this reckoning, India must possess an all-India party, capable of
providing firm government in New Delhi, though India's diversity too
must, by the same logic, find greater expression than it has under
the Congress dispensation.
If my assessment of the Congress in
respect of its ideological superstructure, leadership and
support-base problems, as outlined earlier, is not too wide off the
mark, the conclusion would be unavoidable that the BJP is the party
of the future. That indeed appears to be the case to me.
The BJP is not a communal party: it
cannot be, for the simple reason that Hindus have never been, and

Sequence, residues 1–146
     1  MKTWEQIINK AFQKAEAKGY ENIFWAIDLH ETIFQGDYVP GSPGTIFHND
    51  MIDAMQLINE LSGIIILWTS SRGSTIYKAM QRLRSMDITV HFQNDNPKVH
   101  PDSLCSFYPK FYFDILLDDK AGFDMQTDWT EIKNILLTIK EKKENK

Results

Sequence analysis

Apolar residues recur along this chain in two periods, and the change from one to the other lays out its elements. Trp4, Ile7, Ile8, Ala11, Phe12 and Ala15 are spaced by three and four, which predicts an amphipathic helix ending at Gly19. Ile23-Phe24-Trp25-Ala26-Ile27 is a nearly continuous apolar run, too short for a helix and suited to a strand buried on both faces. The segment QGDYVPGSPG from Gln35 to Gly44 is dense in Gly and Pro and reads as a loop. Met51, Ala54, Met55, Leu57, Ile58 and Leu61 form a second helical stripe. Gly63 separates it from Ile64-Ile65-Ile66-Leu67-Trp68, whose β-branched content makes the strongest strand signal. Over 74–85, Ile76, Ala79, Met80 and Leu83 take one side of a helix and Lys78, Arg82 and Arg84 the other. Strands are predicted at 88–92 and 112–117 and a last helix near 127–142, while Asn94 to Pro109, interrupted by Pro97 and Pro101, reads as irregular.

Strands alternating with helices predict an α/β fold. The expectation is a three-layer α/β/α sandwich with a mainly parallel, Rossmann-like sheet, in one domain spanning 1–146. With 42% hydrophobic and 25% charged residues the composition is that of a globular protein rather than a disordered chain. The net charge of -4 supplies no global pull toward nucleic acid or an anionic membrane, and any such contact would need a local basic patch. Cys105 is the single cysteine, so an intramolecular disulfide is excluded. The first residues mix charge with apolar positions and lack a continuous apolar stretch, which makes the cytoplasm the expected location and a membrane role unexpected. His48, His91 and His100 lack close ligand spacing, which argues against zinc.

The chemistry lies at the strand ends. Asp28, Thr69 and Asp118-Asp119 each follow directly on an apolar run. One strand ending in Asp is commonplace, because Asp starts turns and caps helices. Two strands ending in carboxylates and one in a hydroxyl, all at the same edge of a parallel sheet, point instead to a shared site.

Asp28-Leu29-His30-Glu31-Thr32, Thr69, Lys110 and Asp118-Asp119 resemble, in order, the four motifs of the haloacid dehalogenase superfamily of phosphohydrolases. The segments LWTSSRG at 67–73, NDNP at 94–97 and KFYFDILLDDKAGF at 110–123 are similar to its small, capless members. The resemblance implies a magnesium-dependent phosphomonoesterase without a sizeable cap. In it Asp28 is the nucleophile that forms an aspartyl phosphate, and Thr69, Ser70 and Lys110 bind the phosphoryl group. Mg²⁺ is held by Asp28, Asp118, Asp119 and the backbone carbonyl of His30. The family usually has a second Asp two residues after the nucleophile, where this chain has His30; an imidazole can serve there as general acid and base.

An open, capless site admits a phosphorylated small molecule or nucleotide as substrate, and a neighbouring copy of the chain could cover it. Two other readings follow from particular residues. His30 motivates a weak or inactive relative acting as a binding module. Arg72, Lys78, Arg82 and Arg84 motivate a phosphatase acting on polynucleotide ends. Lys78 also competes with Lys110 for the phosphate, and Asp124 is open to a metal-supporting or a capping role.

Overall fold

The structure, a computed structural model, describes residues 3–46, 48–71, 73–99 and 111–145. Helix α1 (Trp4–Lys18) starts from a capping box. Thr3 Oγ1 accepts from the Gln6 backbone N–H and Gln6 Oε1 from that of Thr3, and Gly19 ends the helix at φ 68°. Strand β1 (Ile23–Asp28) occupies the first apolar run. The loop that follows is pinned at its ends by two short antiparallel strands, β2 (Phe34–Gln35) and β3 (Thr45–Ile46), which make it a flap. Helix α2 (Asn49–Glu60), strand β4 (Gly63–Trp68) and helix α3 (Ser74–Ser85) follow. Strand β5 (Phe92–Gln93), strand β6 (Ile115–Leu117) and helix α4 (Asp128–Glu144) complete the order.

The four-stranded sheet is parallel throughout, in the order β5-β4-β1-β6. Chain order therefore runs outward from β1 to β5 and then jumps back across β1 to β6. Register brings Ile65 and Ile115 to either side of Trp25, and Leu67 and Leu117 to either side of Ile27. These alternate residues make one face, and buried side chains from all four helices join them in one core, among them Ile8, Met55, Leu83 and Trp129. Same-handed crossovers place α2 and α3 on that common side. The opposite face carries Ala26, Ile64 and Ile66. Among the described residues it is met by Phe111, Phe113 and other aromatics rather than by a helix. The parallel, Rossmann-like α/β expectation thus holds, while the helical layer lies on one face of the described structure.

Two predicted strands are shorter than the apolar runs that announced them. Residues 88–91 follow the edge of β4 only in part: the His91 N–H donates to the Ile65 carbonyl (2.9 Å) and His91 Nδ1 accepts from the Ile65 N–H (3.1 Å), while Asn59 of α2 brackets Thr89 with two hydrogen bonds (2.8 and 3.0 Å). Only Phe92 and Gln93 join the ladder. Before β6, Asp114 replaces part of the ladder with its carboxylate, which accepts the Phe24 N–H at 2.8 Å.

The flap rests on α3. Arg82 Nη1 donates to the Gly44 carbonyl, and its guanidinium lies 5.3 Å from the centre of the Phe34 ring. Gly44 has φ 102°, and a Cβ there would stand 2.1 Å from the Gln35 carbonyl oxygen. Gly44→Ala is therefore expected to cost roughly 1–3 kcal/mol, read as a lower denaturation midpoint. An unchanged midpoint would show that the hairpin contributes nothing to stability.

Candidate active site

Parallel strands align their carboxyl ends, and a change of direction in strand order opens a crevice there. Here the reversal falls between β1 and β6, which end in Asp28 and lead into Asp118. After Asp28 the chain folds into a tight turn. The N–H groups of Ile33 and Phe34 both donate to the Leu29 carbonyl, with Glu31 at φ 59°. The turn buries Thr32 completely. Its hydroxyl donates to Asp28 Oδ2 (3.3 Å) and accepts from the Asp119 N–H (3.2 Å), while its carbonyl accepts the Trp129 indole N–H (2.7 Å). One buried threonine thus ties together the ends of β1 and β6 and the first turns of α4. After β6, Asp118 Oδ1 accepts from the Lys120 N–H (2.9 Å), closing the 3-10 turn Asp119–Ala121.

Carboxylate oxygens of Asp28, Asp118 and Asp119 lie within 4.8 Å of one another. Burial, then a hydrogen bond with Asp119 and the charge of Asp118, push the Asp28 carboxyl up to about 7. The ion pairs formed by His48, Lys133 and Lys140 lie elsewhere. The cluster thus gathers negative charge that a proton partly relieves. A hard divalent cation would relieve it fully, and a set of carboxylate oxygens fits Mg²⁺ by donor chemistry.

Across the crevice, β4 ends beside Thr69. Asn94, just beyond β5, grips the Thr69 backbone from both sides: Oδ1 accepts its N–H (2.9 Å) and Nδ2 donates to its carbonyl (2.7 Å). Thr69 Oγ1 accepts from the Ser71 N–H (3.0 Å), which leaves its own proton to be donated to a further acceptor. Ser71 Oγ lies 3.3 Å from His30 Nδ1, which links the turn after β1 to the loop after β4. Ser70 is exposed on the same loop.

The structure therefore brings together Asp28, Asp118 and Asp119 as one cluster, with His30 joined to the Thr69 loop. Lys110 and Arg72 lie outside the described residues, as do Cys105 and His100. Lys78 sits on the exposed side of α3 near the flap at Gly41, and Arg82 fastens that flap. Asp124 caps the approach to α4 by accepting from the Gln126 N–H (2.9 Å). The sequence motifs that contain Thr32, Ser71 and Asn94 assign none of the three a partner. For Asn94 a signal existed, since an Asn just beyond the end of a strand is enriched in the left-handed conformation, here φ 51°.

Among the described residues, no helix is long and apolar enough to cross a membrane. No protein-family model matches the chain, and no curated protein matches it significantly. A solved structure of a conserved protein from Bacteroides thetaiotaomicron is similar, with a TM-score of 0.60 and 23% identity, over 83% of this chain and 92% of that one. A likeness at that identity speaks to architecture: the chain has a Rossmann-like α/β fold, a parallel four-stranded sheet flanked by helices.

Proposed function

are not, a community in the accepted sense of the term. They
represent an ancient civilization not known either to draw a
boundary between the faithful and the faithless, the blessed and the
damned, or to engage in heresy hunting and its counterpart,
persecution of other faiths. Hindus are, in Western terms, pagans.
Religion is a Semitic enterprise and is alien to their spirit and
ways. They have no book and no church.